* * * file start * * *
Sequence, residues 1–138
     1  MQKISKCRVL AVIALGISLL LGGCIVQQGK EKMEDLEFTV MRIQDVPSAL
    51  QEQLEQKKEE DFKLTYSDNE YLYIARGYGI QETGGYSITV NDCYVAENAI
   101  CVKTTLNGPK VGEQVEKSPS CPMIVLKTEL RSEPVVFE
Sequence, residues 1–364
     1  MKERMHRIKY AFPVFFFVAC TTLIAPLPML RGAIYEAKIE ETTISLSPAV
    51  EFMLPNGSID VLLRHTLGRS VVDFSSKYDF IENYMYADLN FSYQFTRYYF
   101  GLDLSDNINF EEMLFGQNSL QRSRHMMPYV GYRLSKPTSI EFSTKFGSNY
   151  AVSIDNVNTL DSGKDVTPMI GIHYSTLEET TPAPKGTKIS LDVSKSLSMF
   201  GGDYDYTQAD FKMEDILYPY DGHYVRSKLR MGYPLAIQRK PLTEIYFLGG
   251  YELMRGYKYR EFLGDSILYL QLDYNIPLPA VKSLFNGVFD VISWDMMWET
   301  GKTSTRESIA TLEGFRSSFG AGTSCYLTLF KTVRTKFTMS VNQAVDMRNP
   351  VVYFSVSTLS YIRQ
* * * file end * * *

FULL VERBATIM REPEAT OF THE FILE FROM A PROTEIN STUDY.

Sequence, residues 1–138
     1  MQKISKCRVL AVIALGISLL LGGCIVQQGK EKMEDLEFTV MRIQDVPSAL
    51  QEQLEQKKEE DFKLTYSDNE YLYIARGYGI QETGGYSITV NDCYVAENAI
   101  CVKTTLNGPK VGEQVEKSPS CPMIVLKTEL RSEPVVFE
Sequence, residues 1–364
     1  MKERMHRIKY AFPVFFFVAC TTLIAPLPML RGAIYEAKIE ETTISLSPAV
    51  EFMLPNGSID VLLRHTLGRS VVDFSSKYDF IENYMYADLN FSYQFTRYYF
   101  GLDLSDNINF EEMLFGQNSL QRSRHMMPYV GYRLSKPTSI EFSTKFGSNY
   151  AVSIDNVNTL DSGKDVTPMI GIHYSTLEET TPAPKGTKIS LDVSKSLSMF
   201  GGDYDYTQAD FKMEDILYPY DGHYVRSKLR MGYPLAIQRK PLTEIYFLGG
   251  YELMRGYKYR EFLGDSILYL QLDYNIPLPA VKSLFNGVFD VISWDMMWET
   301  GKTSTRESIA TLEGFRSSFG AGTSCYLTLF KTVRTKFTMS VNQAVDMRNP
   351  VVYFSVSTLS YIRQ